Laws exist to punish the "scumbags" in society, so rights are just as conditional under socialism as they are in any other system.

No I dont like being what you call a wage slave but I dont want to fight for people I hate either.

You would be fighting for what's in your class interest. Regardless of whether or not you like every individual who's in your social class, you still belong to it, so your fate is inexorably bound to theirs.

What you call hyperindividualism is simply how any true soldier of metal lives their life.

I'm not going to entertain this juvenile 'heavy metal rebel' nonsense any longer. This sub-forum exists for people who espouse opposing views that are interested in seriously debating political philosophy. Either conform with those parameters or go somewhere else.

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Re: Why Im Not A Socialist

Post by Rebel Redneck 59 on Fri Oct 05, 2012 4:59 pm

Celtiberian wrote:Most of the people that are going to be involved in the coming revolution aren't going to be "poor beggars," so your point moot. Proletarians, whether employed or unemployed, will be the agents of the revolt. And, again, even if people are as selfish as you believe they are, their interest in self-preservation will ensure that they refrain from partaking in unnecessary violence following the revolution.

All of us are beggars compared to the Capitalists. Self preservation is about yourself. In other words its pretty selfish. Going around and butchering people over wealth doesnt go against staying alive and well at all.

What exactly are you unsure about? Perhaps I can clarify the matter for you.

That shorter hours and all the other stuff are going to come about under Socialism.

The empirical record suggests otherwise. Virtually every study conducted on workers' self-management has found a positive correlation between participation in management and overall job satisfaction. Meetings can certainly be boring, but they can just as easily be made to be interesting and engaging; it all depends on the manner by which workers organize them. But, for the sake of argument, let's suppose they are unbearably boring. Would that then suggest that it's reasonable to allow decisions to be made by an antagonistic social class, like the bourgeoisie? I don't think so. I would much rather suffer through tedious meetings than allow decisions which affect my life to be handled by individuals who view me as nothing more than an expendable and burdensome instrument of production.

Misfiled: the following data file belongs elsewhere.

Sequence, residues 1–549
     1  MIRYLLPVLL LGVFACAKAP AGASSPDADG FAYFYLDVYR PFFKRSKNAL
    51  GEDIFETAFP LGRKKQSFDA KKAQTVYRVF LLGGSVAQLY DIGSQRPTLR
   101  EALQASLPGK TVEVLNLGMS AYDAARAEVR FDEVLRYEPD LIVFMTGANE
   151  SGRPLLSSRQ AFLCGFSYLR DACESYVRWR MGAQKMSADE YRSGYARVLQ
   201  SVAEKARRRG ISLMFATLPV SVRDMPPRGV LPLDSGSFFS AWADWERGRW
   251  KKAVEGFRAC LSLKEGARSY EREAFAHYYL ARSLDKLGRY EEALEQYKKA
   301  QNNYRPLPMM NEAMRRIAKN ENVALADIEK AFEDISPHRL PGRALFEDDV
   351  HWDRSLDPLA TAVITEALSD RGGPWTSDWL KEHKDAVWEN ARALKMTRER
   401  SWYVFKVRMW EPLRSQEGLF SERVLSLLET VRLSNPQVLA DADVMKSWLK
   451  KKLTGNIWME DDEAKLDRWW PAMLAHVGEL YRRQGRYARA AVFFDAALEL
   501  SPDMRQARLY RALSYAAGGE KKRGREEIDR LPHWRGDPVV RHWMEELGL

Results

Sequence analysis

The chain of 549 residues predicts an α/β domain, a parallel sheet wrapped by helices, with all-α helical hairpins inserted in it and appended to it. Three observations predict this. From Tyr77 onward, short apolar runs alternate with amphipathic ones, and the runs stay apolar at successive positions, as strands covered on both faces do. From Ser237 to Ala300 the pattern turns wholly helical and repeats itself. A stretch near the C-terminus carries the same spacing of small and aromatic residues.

I simply cant stand meetings so Id rather have someone else do that crap for me. But setting that aside, how do you know your fellow co workers and owners wouldnt treat you like a tool of production? I mean what if you ended up in a co op full of workaholics who set 12 hour days ( or were big fans of overtime)? If they were the majority then their words would be the law. And that would be just as worse as working for a Capitalist.

...Then I pity you.

Nevertheless, in order to engage in those activities, you need income. Income can only be acquired through labor, which you'll spend an appreciable portion of your life performing. Thus, the question remains as to whether you'd prefer being a wage slave for the duration of your work life or a free man.

Now this may be the bridge that puts our ideas far across two sides of the river. Your view of freedom is different than mine. Freedom for me means not having to answer to any ( and I mean any) sort of authority. Authority would still exist under Socialism because the majority would enforce the rules they decided upon. So thats why Ive pretty much accepted that I wont ever be free, no matter what System Im under. Thats also why I reject all systems because there is no freedom in any of them. To go further Im not that bothered by the wage slave thing. Yeah it would be good if I got the full return of whatever I was doing but as long as Im paid enough money to live and have fun on Im fine. See what Im really pissed off at is the structure of work. No matter what System your under you have to answer to bosses or the majority vote ( in your type of Socialism). So yeah work sucks cause of authority. And by on the sides I mean fringe. I know Im in society I just dont fit into at all. And wont ever.

What have people ever done to "deserve" to be free of chattel slavery? What have you ever done to "deserve" life? It's not an issue of one's deeds entitling them to justice, but rather of figuring out what justice entails and then configuring our societies to be consistent with it. The better question is why shouldn't people have the right to freedom and justice?